Yesterday, Illinois lawmakers cast an important vote. In response to the opioid crisis sweeping the nation, the Illinois Senate voted to give opioid addicts access to medical marijuana. Considering the state’s restrictive medical marijuana program and a spike in opioid-related hospital visits last year, this is a significant medical victory for Illinois.
Temporary Access To Medical Marijuana
The bill passed 44 to 6 in the Illinois Senate. It mandates that opioid-addiction patients will receive a twelve-month medical marijuana card, requiring doctor approval. Only with the proper approvals can dispensary employees prescribe medical marijuana.
There will, however, be a strict limit on how much cannabis opioid addicts can buy. Every two weeks, patients can get 2.5 ounces maximum.
Eventually, opioid addicts could qualify for permanent medical marijuana cards. If the side effects of their addiction continue after the trial 12-month period, patients can request a full-fledged card.
This would also give people prescribed opioids for pain access to marijuana. Rebecca Mason, Director of Communications for the Medical Cannabis Alliance of Illinois explained that the way the law stands, opioids are the only pain killer option for many.
“Illinois has a series of qualifying conditions [for medical marijuana], but we don’t have a chronic pain condition,” Mason said. “So if you have an illness that is causing you pain but isn’t on the debilitating conditions list, and your physician would write you an opioid prescription, at the moment you could not talk with your physician, or make the decision to use medical cannabis.”
The Bill Had Wide-Reaching Political Support
Democratic State Senator Don Harmon sponsored the legislation. He told the Chicago Tribune, “When people ask me if we are not simply creating a gateway, I tell people this: I don’t know if cannabis is addictive, but I do know this: Opioids and heroin kills people, cannabis does not.”
Even the Republican Governor Bruce Rauner does not oppose medical marijuana for opioid addicts.
Medical marijuana advocates in Illinois see this legislation as progress, including the Medical Cannabis Alliance of Illinois. “We, the dispensaries, see, first hand, what a difference it can make for patients,” Mason comments.
Not Everyone Sees Illinois’ Legislation As Altruistic
Republican State Senator Kyle McCarter took a stand against Illinois’ new marijuana bill. He argues that legislators only want medical marijuana because they have a financial stake in its success. With the number of new patients who would now qualify for cannabis, dispensaries stand to make a lot more money.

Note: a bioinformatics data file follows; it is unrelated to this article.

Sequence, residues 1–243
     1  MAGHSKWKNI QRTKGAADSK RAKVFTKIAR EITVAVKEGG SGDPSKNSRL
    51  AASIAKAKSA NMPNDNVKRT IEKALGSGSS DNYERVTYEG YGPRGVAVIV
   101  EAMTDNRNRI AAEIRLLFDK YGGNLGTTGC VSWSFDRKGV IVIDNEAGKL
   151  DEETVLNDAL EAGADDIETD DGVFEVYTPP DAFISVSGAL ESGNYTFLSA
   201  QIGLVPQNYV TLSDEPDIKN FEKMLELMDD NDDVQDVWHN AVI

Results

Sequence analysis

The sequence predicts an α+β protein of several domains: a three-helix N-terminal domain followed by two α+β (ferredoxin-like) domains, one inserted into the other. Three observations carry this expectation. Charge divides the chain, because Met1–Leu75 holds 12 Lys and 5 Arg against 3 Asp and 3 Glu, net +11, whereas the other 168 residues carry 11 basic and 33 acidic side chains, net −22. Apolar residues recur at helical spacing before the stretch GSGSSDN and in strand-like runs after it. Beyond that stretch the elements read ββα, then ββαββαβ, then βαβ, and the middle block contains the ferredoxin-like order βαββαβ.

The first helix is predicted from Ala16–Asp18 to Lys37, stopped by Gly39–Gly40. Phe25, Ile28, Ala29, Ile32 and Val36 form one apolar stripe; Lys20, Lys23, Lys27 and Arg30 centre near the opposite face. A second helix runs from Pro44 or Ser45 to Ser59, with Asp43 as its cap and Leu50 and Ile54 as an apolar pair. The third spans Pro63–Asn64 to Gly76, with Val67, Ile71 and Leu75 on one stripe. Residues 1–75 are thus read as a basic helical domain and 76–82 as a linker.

Senator McCarter explains, “I just want to make note and remind people that the medical marijuana program was lobbied by people who now own it.”
And he isn’t wrong. In 2017, medical marijuana supporters donated $8,000 to Senator Harmon’s campaign.
Medical Marijuana Benefits People With Opioid Addictions
Campaign donations aside, medical marijuana is one of the most effective treatments for opioid addicts. Dr. Sanjay Gupta recently outlined how medical marijuana could heal the nation’s opioid epidemic in a letter to Jeff Sessions.
Per Dr. Gupta, there are three ways cannabis can treat opioid addiction. First, it is an effective painkiller that also targets the source of the pain: inflammation. Marijuana also diminishes the symptoms of opioid withdrawal, specifically vomiting and loss of appetite. It can also help repair neurotransmitters damaged by opioid use.
Opioid-Related Deaths Are More and More Common
Last year, 45,000 Americans died from opioid-related causes. Rebecca Mason told High Times, “Our state government did a study and estimated that by 2020, 2700 people in Illinois will die from an overdose.”
It would seem that, as a result, even the staunchest of medical marijuana opponents are desperate to find a way to curb this epidemic.
Back in December, Governor Rauner had some scathing things to say about marijuana.
“I do not support legalizing marijuana,” he announced. “I think that’s a mistake. You know there’s a massive, human experiment going on in Colorado, and California, other places. We should see how that’s impacted lives and addiction and hurt young people before we make any decision about it here.”
Today, however, the Governor has not publically denounced the newest medical marijuana legislation.
The Future of Illinois’ Medical Marijuana Progam
As the Illinois Senate votes to give medical marijuana to opioid addicts, the state’s entire deficient program enters the spotlight. Though the majority of Illinois residents support recreational marijuana, the state has had difficulty maintaining a functional medical cannabis program.
Though Illinois legalized medical marijuana in 2013, patients didn’t have access until 2015. To make matters more difficult, the largest bank that worked with dispensaries, the Bank of Springfield, told its marijuana industry customers that they will no longer be welcome. This happened earlier this month
Hopefully, this extension to Illinois’ medical marijuana program symbolizes a sea-change in the state’s less than progressive cannabis policy.